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12-31-2013 01:37 AM

Dear all,

Good days to everyone here. I wish to run regression using Fama Macbeth approach. I obtained the following macro program:

%macro FamaMacbeth(dset, depvar, indvars);

/******run cross-sectional regressions by fyear for all firms and report the means. ****/

proc sort data=&dset.; by fyear ; run;

ods listing close;

ods output parameterestimates=pe;

proc reg data=&dset. ;

by fyear;

model &depvar. = &indvars.; run;

quit;

ods listing;

proc means data=pe mean std t probt;

var estimate; class variable;

title "Fama Macbeth estimates";

ods output summary=summary parameterestimates=pe;

run;

%mend;

I can get the average estimates of the coefficient, t statistics and so on. However, the average adjusted R square ( = sum of adjusted R square for all the years divided by number of year) is not shown.

I wish to seek for helps on how to get the average adjusted R square from SAS.

Thank you and hope to get the reply sooner.

Regards,

mspak

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Posted in reply to mspak

12-31-2013 08:14 AM

Without going into a lot of matrix algebra, how is such a value meaningful? Averages of proportions (which is what an Rsquare is) are not good estimators. Consider that one of your adjusted R squares refers to a year with a LOT of residual variation, and consequently, the average Rsquare will be considerably lower than what is seen in all other years. Does an average even make sense here? Wouldn't something like (total explained variability summed over all years)/(total variability summed over all years) be a better estimate? And that assumes that there is no covariance between years.

Not really helpful with the question posed, but it is something you ought to think about, in my opinion.

Steve Denham

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Posted in reply to SteveDenham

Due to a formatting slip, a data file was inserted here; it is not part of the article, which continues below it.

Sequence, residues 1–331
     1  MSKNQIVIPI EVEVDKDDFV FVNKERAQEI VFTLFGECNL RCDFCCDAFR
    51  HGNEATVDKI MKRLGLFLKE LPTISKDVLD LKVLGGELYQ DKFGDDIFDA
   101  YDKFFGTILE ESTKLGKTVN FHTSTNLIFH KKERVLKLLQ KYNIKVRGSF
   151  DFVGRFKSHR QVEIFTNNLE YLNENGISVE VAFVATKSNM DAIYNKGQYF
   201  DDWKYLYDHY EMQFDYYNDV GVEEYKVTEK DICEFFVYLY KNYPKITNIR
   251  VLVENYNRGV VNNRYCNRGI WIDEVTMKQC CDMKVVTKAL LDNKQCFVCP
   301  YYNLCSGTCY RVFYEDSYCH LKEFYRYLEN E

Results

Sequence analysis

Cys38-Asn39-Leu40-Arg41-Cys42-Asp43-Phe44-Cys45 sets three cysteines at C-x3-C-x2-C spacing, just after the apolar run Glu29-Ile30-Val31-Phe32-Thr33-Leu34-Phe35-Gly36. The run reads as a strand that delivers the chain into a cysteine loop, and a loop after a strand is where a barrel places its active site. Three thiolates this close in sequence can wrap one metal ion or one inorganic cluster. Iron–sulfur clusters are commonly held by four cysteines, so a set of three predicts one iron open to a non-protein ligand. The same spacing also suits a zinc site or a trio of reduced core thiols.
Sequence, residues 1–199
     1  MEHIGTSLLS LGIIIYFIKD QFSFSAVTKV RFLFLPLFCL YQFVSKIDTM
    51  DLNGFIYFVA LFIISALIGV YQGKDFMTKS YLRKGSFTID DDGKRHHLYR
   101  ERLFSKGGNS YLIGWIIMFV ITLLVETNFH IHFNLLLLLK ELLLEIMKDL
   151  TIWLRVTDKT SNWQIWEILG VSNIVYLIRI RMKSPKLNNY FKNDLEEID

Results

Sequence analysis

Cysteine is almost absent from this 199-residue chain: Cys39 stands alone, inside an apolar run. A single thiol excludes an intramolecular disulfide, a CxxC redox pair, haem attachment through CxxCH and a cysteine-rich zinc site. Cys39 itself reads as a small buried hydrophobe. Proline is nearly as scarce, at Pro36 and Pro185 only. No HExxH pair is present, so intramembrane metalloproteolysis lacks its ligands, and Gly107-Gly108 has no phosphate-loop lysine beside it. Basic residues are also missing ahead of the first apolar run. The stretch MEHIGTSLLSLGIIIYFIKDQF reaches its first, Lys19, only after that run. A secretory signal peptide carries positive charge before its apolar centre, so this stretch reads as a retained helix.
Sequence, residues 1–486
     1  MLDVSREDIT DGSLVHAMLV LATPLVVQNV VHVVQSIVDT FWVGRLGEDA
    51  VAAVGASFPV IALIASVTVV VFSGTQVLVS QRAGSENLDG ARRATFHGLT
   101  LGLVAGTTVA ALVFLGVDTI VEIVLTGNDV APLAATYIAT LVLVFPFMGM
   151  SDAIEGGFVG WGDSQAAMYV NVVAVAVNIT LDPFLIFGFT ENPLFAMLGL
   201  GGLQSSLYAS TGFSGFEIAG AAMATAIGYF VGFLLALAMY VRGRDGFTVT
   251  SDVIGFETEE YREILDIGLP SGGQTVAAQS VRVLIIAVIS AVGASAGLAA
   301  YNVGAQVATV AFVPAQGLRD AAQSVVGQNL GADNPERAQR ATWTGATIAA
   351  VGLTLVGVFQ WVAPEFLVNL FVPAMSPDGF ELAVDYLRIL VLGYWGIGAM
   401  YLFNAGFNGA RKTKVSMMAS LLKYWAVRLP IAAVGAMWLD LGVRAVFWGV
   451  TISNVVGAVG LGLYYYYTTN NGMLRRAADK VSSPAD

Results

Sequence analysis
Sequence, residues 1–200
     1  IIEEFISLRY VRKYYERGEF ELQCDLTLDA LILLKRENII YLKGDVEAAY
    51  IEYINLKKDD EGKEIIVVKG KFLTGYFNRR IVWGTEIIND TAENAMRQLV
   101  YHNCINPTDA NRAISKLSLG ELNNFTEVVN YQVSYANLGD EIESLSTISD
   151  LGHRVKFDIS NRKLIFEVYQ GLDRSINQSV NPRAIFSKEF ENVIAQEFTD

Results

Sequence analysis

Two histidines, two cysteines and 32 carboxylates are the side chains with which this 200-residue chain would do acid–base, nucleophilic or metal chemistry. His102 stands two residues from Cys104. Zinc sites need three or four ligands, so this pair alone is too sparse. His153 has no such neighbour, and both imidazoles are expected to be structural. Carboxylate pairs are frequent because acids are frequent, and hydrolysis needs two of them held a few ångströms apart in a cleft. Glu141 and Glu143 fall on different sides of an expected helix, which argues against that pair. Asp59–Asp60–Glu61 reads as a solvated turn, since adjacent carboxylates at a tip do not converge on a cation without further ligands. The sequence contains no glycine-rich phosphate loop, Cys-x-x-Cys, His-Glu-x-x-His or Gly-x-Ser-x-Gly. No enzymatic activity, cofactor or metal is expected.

12-31-2013 10:19 AM

Hi Steve,

Thank you for your suggestion. My method is suggested by prior researchers. I have to run OLS for each year. The program will provide me with adjusted R-square for each model (each year). I have 12 years in my dataset, then I will have 12 regressions. All of the estimates (parameters) will be averaged over 12, same as to the adjusted R-square.

I found the following program is workable for calculating the average adjusted R square:

data

MSE (drop=label2 cValue2 nValue2 cValue1)

RSquare (drop=label1 cValue1 cValue2 nValue1)

AdjRSQ (drop=label1 cValue1 cValue2 nValue1);

set fitstats;

if label1 = "Root MSE" then output MSE;

if label2 = "R-Square" then output RSquare;

if label2 = "Adj R-Sq" then output AdjRSq;

run;

DATA mse1 (drop=label1); set mse;

RENAME nValue1 = MSE;

RUN;

DATA RSquare1 (drop=label2); set RSquare;

RENAME nValue2 = RSquare;

RUN;

DATA AdjRSq1 (drop=label2); set AdjRSq;

RENAME nValue2 = AdjRSq;

RUN;

data stat;

merge mse1 RSquare1 AdjRSq1;

by fyear model dependent; run;

proc transpose data= stat

out=stat1; id fyear;

run;

DATA STAT2 (keep=_NAME_ average); SET STAT1;

average = MEAN(of _;

run;

proc print data=stat2;

title 'Average Fit statistic of Fama Macbeth regression';

run;

Thank you for your comment. I also provide the program for reference (to others).

Regards,

mspak

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Posted in reply to SteveDenham

12-31-2013 10:41 AM

Wait, you mean the Finance/Wall Street is doing something that doesn't make sense?

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Posted in reply to Reeza

12-31-2013 10:46 AM

It's what happens when you hire physics majors to do non-Bayesian statistics...

Steve Denham

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Posted in reply to SteveDenham

12-31-2013 09:52 PM

Hi Steve,

I am not majoring in econometrics. I am doing corporate finance (with firm-year observations) research, therefore, we normally don't use a very advanced method.

There is no perfect method in the the world. Most of the time, due to the limitation of data, we can't apply a very sophisticated method with many lags.

Happy New Year to you

Regards,

Mspak

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Posted in reply to mspak

01-02-2014 09:03 AM

If any offense from my comments, I sincerely apologize.

I think Reeza and I were making an observation that sometimes methods become "standard" and there may be technical problems that weren't originally recognized. It's very common in the field where I work (pharmaceutical and medical device safety).

Happy New Year to you as well, Mspak.

Steve Denham